Retirees face market risk, which concerns how market volatility causes average investment returns to vary over time. Sequence of returns risk—the heightened vulnerability individuals face regarding the realized investment portfolio returns in the years around their retirement date—adds to the uncertainty related to overall investment returns.
The financial market returns experienced near retirement matter a great deal more than most people realize. Even with the same average returns over a long period of time, retiring at the start of a bear market is very dangerous; wealth can be rapidly depleted as withdrawals are made from a diminishing portfolio, leaving little money to benefit from a subsequent market recovery.
Though sequence of returns risk is related to general investment risk and market volatility, it differs from general investment risk. The average market return over a thirty-year period could be quite generous. But if negative returns are experienced when you start spending from your portfolio, you will face an insurmountable hurdle that cannot be overcome even if the market offers higher returns later in retirement.
The dynamics of sequence risk suggest that a prolonged recessionary environment early in retirement could jeopardize the retirement prospects for a particular cohort of retirees. That scenario does not imply a large-scale economic catastrophe. This is a subtle but important point.
Some retirees could experience very poor retirement outcomes relative to those retiring a few years earlier or later. Devastation for one does not necessarily imply overall devastation for the economy or institutions that pool financial market risk across different cohorts.
As I have emphasized, sustainable withdrawal rates fall below what would be expected for average market returns over long periods of time because the ordering of returns matters. Poor early returns followed by strong later returns will still derail a retirement plan. It is worthwhile to further quantify the impact of sequence risk to better illustrate the degree of extra variability it can generate.
First, let us return to a simple example using a fixed return assumption. From 1926 through 2015, the compounded inflation-adjusted return for a 50/50 portfolio of the S&P 500 and Intermediate-Term Government Bonds was 5.08%. Using this as a fixed return assumption for a thirty-year retirement period, the sustainable initial spending rate was 6.56%. Subsequent spending could be adjusted for inflation.
Exhibit 1 shows the glide path for remaining wealth over the thirty-year retirement period. I also show the “current withdrawal rate” over the thirty years, which is worth mentioning as a common misconception about the “4% rule” is that it means you withdraw 4% of what remains each year.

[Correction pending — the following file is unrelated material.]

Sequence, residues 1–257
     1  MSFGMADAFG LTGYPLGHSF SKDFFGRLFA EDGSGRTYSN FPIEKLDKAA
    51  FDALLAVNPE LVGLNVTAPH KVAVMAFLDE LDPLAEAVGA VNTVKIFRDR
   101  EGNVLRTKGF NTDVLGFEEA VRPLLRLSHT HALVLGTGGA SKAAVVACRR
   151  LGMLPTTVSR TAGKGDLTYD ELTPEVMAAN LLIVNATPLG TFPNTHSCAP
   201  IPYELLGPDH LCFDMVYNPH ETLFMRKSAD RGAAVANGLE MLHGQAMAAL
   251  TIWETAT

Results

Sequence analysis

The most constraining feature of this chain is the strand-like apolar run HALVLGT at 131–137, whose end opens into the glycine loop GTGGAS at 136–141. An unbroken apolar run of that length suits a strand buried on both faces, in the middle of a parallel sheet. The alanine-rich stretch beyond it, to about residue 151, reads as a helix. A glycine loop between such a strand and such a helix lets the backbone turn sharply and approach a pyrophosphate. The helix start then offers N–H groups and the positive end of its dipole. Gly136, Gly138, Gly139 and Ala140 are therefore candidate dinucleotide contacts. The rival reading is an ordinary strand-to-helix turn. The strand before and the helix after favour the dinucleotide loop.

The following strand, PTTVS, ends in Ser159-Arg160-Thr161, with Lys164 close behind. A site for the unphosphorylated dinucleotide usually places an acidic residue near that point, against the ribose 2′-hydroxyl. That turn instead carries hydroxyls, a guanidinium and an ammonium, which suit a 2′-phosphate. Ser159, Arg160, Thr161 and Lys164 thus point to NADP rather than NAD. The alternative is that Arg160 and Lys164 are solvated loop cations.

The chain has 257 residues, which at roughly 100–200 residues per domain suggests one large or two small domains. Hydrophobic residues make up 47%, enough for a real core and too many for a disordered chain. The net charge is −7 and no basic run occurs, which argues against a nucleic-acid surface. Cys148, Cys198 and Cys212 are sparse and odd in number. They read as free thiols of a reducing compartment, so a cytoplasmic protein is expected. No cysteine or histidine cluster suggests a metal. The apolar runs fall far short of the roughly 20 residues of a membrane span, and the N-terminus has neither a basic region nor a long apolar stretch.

This is not the case for constant withdrawal amount strategies. The initial withdrawal rate is 5.56% in the exhibit, creating a baseline spending of about $6.56 from a $100 initial portfolio. As retirement progresses, the inflation-adjusted withdrawal amount remains at $6.56. But the percentage of the remaining portfolio balance this represents will change as remaining wealth changes.
In the exhibit, the wealth glide path shows a reduction in wealth over time, which increases the current withdrawal rate until it approaches 100% as the last of the wealth is spent in year thirty. In cases where wealth grows during retirement, the current withdrawal rate would decrease over time.
Wealth Glide Path and Current Withdrawal Rates Over a 30-Year Retirement
For a 5.08% Real Return and 6.56% Initial Withdrawal Rate
Next, Exhibit 2 provides a way to understand sequence risk by showing the glide path for remaining wealth for a 6.56% initial withdrawal rate and with a 50/50 portfolio for each of the sixty-one rolling historical thirty-year periods since 1926. Historical outcomes vary greatly.
In some cases, remaining wealth is entirely depleted within the first fifteen years of retirement. In other cases, real wealth grows by more than 50% after thirty years of retirement.
Wealth Glide path Over a 30-Year Retirement
For a 6.56% Initial Withdrawal Rate, 50/50 Asset Allocation, Inflation Adjustments
Using SBBI Data, 1926-2015, S&P 500 and Intermediate Term Government Bonds
The actual historical outcomes vary greatly for reasons outside the control of these hypothetical retirees. They all use the same retirement withdrawal strategy, but their experiences with that strategy could be good or bad through no fault of their own.
This is the randomness created by sequence risk. Some retirees will be able to spend more aggressively than others based on the market returns they experience in retirement.
This article was written by Wade Pfau from Forbes and was legally licensed through the NewsCred publisher network.
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